When Good Term Contracts Go Bad – Lessons Learned

June 7, 2016 By

June 6, 2016

by Michael W. Bloch, with contributions from David Bulfin and David Wilshin

Stillwater recently worked with several clients and their attorneys to resolve term contract disputes that led to litigation or arbitration. These disputes were grounded in the poor structure and understanding of the terms and conditions of the contracts. Often, the parties to the contract cannot anticipate all the various ways that contract terms can be interpreted or applied to situations they may not foresee. Through its experience working with a large number of clients with a variety of different contract types and situations, Stillwater Associates has experience identifying most of these potential problem areas before they arise. Some of the key lessons learned from working on these cases are as follows:

Conditions Precedent (“CP”) not clearly defined or satisfied.

A condition precedent is an event or state of affairs that is required before something else will occur. In contract law, a condition precedent is an event which must occur, unless its non-occurrence is excused, before performance under a contract becomes due, i.e., before any contractual duty exists. For example, one party’s obligation to pay money may be expressly conditioned upon the other party’s actual delivery of the agreed upon product within specifications at the agreed location and on time.

If there is a CP, its rationale should be clearly understood and the CP rationale and details should be stated in the contract.

The date of fulfillment of the CP should be stated and there should be provisions establishing how its fulfillment will be verified.

If the CP is not fulfilled, then there should be provisions stating what the parties can or should do.

If non-fulfillment of the CP provides for renegotiation of the contract and renegotiation is not successful by a specified deadline, it may be appropriate for the contract to go into phase-out followed by termination.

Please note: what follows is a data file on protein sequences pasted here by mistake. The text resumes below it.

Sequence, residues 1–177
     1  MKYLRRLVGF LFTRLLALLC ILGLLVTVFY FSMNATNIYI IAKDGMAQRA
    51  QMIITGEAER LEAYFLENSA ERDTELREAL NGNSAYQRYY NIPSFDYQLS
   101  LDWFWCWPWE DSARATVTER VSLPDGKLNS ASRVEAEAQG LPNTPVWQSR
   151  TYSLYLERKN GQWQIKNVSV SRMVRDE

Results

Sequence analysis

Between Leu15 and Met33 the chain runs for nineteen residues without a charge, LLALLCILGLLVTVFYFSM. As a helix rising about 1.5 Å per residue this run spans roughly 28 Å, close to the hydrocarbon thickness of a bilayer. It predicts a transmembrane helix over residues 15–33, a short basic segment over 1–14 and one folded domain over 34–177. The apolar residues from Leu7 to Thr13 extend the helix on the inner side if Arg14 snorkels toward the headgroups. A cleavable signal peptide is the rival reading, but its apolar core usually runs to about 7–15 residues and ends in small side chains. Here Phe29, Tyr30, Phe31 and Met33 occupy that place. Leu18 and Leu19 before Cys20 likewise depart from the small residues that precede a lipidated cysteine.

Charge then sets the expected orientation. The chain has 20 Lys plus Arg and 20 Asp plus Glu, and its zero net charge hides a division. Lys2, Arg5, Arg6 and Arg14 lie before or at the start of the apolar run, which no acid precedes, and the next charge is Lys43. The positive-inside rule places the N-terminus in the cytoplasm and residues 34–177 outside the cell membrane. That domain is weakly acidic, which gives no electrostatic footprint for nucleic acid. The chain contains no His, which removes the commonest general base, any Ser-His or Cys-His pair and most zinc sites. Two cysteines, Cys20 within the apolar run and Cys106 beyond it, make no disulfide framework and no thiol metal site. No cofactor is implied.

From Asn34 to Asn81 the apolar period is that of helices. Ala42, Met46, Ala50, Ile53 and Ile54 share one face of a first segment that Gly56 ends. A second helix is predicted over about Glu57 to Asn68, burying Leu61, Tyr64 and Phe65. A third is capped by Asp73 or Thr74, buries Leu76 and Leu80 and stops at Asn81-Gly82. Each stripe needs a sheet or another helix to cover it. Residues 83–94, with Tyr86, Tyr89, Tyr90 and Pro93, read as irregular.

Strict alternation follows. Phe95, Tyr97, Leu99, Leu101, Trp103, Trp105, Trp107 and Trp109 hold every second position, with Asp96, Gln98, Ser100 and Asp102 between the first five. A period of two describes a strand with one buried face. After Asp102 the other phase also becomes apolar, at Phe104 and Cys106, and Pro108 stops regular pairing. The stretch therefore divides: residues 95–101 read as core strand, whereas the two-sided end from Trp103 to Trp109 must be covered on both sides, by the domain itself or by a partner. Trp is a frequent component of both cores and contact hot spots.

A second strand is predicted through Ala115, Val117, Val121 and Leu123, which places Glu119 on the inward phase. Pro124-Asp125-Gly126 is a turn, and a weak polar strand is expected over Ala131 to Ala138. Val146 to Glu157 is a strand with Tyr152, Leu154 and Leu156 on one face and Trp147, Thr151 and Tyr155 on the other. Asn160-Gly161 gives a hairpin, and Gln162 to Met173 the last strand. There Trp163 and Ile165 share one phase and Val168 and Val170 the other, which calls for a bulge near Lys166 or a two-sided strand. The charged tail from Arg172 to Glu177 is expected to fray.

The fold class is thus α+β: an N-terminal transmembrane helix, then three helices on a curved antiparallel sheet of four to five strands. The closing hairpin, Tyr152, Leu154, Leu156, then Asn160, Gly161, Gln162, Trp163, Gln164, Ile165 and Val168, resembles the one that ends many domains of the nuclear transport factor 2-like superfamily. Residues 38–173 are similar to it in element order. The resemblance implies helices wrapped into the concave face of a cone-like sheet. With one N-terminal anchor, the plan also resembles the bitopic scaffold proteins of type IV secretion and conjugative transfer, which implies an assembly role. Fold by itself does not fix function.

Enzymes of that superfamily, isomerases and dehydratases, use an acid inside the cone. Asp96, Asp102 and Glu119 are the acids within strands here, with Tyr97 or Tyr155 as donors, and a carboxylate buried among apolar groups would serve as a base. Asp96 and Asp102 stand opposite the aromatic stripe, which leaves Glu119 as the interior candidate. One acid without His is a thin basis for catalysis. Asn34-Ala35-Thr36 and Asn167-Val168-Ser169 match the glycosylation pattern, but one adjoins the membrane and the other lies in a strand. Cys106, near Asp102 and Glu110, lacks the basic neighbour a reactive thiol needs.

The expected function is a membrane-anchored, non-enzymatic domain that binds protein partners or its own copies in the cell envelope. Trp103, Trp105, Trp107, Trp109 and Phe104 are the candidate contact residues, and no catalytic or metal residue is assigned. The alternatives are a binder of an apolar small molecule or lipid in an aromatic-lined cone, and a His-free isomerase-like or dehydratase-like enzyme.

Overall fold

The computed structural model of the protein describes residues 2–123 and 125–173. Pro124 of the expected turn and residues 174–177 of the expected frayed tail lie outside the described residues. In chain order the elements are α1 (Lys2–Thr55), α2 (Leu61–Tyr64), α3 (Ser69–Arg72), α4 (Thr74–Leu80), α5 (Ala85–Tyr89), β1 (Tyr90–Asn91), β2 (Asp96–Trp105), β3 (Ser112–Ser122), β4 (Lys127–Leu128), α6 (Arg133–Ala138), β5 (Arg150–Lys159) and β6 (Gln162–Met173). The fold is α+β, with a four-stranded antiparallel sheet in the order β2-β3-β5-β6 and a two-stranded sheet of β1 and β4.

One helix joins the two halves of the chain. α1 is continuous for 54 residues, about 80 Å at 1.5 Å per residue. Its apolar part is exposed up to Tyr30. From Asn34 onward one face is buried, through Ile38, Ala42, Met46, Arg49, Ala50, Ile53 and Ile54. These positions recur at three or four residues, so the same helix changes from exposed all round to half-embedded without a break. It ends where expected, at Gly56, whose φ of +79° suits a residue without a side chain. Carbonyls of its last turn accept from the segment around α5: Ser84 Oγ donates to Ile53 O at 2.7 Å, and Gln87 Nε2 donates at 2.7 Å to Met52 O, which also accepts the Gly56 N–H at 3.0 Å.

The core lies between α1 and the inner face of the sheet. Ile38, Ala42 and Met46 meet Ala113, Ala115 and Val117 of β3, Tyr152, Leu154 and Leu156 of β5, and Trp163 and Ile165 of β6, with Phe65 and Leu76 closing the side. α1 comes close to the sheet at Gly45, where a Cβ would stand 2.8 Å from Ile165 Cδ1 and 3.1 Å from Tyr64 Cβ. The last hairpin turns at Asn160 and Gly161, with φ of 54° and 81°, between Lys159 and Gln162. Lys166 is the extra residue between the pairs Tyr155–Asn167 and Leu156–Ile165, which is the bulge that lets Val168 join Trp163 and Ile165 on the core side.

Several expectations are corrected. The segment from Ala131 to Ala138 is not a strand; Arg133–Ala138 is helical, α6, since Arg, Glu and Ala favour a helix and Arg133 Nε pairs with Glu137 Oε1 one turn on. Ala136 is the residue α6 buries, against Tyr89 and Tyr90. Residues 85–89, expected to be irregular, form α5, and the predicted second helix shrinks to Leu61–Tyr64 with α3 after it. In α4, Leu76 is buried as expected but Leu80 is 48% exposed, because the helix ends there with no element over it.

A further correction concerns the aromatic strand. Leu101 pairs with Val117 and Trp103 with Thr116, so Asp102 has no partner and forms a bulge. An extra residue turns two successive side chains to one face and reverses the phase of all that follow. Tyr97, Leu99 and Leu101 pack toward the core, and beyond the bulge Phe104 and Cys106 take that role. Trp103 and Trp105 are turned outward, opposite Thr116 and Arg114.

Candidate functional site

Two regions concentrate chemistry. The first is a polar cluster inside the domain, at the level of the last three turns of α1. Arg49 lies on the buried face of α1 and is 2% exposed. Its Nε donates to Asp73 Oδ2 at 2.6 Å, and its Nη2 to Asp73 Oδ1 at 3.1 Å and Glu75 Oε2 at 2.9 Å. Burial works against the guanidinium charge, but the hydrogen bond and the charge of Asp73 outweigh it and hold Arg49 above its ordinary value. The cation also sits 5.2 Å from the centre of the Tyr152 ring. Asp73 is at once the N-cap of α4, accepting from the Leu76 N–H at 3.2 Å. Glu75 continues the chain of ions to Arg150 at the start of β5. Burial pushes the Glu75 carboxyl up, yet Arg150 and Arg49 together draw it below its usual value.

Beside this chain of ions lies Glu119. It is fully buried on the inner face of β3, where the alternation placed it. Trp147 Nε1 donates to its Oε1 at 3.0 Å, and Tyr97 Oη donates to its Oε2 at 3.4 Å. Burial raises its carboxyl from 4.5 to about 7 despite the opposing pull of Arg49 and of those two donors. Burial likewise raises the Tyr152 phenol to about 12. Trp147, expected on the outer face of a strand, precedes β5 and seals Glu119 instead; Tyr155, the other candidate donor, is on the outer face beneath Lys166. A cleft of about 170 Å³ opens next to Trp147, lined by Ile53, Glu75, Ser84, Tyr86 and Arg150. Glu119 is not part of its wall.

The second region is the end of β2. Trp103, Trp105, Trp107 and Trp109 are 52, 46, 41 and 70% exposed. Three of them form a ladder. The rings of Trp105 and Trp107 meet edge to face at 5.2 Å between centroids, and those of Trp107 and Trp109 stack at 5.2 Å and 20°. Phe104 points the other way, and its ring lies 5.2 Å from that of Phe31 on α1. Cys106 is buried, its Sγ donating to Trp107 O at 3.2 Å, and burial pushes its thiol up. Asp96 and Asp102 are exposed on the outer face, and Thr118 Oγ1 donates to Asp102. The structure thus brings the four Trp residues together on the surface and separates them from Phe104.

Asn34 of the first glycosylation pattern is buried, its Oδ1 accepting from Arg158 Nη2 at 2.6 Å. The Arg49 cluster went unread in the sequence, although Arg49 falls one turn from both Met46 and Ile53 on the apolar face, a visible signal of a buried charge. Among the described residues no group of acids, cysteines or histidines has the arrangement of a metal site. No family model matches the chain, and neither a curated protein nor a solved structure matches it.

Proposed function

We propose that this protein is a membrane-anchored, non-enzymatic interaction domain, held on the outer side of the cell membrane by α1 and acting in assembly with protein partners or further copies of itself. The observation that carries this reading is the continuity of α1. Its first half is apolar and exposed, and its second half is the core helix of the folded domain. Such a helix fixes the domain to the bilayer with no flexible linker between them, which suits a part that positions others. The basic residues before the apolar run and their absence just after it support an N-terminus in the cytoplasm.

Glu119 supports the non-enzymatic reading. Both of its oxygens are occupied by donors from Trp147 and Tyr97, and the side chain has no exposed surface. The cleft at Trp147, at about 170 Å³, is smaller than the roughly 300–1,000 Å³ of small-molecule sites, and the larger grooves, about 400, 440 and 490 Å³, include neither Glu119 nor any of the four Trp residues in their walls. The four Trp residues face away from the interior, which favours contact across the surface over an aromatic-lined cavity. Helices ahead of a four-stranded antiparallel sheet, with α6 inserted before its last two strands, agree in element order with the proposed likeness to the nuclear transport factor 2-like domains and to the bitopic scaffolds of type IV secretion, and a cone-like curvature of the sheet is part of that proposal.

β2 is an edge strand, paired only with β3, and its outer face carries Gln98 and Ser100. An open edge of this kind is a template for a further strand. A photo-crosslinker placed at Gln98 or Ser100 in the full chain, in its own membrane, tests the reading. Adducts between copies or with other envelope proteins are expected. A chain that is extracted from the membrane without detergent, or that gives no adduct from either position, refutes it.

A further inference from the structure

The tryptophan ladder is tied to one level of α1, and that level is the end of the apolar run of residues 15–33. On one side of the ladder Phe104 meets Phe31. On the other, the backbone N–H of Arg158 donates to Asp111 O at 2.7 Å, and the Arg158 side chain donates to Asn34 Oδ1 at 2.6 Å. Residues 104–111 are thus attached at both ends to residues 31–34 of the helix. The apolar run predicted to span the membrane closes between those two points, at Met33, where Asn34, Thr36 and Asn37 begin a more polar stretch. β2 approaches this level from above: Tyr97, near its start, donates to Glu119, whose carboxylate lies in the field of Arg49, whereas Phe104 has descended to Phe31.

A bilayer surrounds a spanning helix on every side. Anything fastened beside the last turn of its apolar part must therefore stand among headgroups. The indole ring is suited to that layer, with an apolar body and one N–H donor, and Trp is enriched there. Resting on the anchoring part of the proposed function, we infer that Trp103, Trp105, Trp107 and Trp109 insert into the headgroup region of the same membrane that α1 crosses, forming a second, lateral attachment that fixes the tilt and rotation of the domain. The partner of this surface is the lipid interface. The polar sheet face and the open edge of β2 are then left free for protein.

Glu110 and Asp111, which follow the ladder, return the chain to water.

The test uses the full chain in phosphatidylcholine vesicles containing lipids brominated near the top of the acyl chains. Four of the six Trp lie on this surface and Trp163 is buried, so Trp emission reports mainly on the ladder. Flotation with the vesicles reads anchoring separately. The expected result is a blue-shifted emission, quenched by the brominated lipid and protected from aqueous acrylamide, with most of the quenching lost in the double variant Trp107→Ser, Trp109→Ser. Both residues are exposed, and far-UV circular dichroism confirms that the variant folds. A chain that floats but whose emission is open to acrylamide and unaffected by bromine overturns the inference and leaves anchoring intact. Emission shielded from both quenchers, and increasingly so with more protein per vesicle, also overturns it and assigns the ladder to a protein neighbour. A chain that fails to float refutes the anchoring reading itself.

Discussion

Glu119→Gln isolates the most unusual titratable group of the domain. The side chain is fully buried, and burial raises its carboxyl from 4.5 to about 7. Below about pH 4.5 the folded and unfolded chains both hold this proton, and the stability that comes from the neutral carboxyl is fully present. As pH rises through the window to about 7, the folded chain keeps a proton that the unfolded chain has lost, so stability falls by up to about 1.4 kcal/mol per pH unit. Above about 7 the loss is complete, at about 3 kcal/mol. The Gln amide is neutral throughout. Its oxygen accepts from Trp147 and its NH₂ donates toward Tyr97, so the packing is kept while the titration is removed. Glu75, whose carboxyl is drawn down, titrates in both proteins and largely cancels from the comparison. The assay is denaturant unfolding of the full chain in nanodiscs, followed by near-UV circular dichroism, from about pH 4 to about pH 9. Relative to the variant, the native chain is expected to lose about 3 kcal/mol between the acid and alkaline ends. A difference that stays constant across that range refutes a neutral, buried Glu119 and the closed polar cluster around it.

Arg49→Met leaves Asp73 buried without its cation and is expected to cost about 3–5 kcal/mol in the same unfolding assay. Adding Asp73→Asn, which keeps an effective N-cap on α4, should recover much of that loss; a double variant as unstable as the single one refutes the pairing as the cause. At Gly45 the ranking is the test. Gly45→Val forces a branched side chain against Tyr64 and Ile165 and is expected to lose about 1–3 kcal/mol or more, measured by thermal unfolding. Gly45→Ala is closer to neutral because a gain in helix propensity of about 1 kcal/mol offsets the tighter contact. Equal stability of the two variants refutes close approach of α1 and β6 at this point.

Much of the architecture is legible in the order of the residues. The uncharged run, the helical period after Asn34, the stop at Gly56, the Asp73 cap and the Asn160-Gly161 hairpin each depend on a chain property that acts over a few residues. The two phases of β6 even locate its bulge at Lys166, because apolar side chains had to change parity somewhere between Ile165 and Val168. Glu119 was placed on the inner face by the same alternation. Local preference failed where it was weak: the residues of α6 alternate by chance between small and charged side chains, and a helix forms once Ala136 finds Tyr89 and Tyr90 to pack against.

Ambiguous or Conflicting Provisions can lead to various interpretations causing disputes.

Examples of ambiguity include:

Volume tolerance by Seller or Buyer. If one party can exercise an option, is its exercise subject to operational feasibility on the part of the other party?

Seller may elect a 5% upward tolerance on cargo volume, but loading is subject to Buyer’s vessel draft restriction.

Buyer may elect a 5% upward tolerance, but the Seller does not have the supply.

Tolerances need to be in synch with commercial or operational necessity.

Is volume tolerance on a delivery-by-delivery basis, or over a delivery period i.e., a calendar quarter or year?

Is price escalation/de-escalation based on cumulative volume over time, or calendar periods of time?

Are product specifications clearly defined using identified, accepted industry test methods?

Use of unique terms or contract structure not generally used within industry can lead to a misunderstanding of what to do because the parties do not have a common frame of reference.

Time line of activity or required documentation needs to be in synch with commercial or operational requirements.